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How COVID-19 affects child support payments: What to do if support is too expensive

Friday, March 27, 2020 @ 2:56 PM | By Alex Boland


Alex Boland %>
Alex Boland
In part one, we talked about the fact that courts have been clear that someone who pays child support cannot choose to pay other essentials, like housing, instead of child support. Child support must be paid first.

That may put a lot of people in a difficult situation if they have lost their job suddenly or otherwise have seen their income reduced due to the COVID-19 pandemic. Here are some things a payor can and should do if they find themselves in this situation.

Find out the exact status of their child support obligation. If their obligation is set out in an order or in an agreement that has been filed with the court, the obligation to pay is considered to be an order of the court. That means if they fail to pay, they are in contempt of court, which can lead to serious consequences.

If the obligation is set out in an agreement that has not been filed with the court, breaching that obligation will be a breach of contract (which is not to be encouraged), but at least it will not be a contempt of court.

Determine whether the obligation to pay child support is being enforced by the Family Maintenance Enforcement Program (FMEP). FMEP is a government-funded agency that collects and distributes child support on behalf of parents in B.C. The agency has the ability to take various enforcement steps, including seizure of tax returns, drivers’ licences and passports, and can garnish bank or other accounts and wages.

If the obligation is being enforced by FMEP, the payor should contact FMEP immediately to let them know he or she may not be able to pay. FMEP has been known to give payor spouses some latitude when they cannot meet their obligations for reasons beyond their control, especially where the payor intends to apply to change an order. The best way to do that, according to FMEP’s website, is by sending a web message via the payor’s FMEP web account.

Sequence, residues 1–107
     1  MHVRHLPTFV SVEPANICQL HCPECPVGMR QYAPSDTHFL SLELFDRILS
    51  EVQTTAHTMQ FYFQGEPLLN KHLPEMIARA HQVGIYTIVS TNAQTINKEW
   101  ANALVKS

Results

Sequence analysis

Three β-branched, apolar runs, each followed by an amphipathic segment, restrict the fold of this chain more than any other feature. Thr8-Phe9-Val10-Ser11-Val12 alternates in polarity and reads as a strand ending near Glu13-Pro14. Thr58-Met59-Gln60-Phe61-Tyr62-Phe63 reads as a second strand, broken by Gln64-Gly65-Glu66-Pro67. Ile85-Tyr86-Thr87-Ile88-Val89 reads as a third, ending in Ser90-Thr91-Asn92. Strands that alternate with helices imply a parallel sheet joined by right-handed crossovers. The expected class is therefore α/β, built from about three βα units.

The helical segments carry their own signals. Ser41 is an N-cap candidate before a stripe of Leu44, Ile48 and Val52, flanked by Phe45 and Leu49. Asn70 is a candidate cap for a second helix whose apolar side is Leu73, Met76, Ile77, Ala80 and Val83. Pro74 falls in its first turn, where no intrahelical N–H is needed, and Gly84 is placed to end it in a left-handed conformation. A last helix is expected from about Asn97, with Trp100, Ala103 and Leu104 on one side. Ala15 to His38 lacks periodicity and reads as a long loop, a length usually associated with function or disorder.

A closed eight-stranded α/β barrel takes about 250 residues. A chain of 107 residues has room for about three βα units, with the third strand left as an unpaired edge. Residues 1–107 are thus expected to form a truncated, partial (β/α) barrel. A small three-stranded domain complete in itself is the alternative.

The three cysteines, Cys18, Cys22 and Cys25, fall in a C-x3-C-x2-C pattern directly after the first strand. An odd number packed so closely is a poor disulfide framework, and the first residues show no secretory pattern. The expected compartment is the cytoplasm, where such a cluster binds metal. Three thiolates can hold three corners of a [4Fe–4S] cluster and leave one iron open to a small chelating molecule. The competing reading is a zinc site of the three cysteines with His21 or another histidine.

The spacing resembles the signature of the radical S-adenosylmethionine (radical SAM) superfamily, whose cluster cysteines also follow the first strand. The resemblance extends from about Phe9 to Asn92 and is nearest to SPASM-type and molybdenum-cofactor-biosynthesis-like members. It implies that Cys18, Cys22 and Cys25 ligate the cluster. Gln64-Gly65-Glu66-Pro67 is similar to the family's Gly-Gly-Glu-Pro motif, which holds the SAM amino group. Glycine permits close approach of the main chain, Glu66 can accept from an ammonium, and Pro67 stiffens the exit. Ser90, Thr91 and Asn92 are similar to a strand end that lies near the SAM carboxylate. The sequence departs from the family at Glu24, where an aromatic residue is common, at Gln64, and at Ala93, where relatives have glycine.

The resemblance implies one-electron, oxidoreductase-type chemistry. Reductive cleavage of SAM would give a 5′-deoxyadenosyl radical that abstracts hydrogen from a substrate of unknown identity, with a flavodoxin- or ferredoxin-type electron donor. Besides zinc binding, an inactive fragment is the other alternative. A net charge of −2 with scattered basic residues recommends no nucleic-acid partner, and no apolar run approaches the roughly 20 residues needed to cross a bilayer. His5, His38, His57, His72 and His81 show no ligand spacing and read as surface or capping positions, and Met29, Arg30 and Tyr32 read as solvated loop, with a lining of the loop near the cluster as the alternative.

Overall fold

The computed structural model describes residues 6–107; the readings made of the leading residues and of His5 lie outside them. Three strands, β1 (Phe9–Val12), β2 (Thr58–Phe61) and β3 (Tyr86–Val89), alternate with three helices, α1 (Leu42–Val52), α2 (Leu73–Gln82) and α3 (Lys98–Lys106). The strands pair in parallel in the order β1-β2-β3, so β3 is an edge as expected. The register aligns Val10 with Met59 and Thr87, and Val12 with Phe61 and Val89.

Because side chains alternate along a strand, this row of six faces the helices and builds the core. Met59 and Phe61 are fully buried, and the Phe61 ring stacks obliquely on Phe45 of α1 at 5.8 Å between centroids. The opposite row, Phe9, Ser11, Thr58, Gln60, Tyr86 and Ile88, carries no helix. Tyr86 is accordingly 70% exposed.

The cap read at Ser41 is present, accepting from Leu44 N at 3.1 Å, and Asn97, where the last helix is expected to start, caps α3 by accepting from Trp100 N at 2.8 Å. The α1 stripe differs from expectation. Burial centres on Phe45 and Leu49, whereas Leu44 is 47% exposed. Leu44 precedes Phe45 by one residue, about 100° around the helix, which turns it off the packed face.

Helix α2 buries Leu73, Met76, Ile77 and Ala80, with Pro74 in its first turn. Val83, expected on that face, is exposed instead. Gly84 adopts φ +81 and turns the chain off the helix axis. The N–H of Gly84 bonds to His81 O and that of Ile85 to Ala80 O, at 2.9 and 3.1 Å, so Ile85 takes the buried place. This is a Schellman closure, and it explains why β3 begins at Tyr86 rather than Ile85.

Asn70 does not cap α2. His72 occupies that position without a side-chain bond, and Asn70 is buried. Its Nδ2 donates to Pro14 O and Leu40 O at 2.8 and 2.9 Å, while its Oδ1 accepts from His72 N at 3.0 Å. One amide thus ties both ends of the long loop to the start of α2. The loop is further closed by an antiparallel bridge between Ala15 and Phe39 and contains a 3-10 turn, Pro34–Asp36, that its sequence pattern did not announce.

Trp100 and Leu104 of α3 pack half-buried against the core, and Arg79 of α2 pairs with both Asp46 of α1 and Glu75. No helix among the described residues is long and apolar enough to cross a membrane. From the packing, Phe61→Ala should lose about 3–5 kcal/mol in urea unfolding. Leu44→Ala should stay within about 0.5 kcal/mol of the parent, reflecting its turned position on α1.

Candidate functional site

Whether or not the obligation is being enforced by FMEP, the payor should let the recipient know of the circumstances and what they are able to do to continue to pay child support. Not only is it important for the recipient to know about the payor’s circumstances so that he or she can make their own plans, it is also important to give notice of the change in circumstances as soon as possible as a court in a future variation hearing may make a reduction in child support retroactive to the date of notice.

If possible, the payor should try to reach agreement with the recipient on a reduced amount of child support. Whether or not the obligation is based on a court order, spouses can agree on a different amount of child support. Many parents are willing and able to work with each other in these difficult times.

The payor should get their documents together to be ready to bring an application when the courts are ready to hear less urgent matters. This typically means the last three years of tax returns and notices of assessment.

If the payor has been laid off, the court will also want to see the Record of Employment and records of any benefits received. If the payor has not been laid off, but has reduced hours, recent pay stubs will be important.

And with the courts closed, not only is it impossible to take any steps to vary child support, it may also be impossible to take any enforcement steps to collect child support.

This is part two of a two-part series. Part one: How COVID-19 affects child support payments: Does a parent still have to pay support?

Alex Boland is a family lawyer with Connect Family Law in Kelowna, B.C. He is also a former law clerk with the B.C. Supreme Court.

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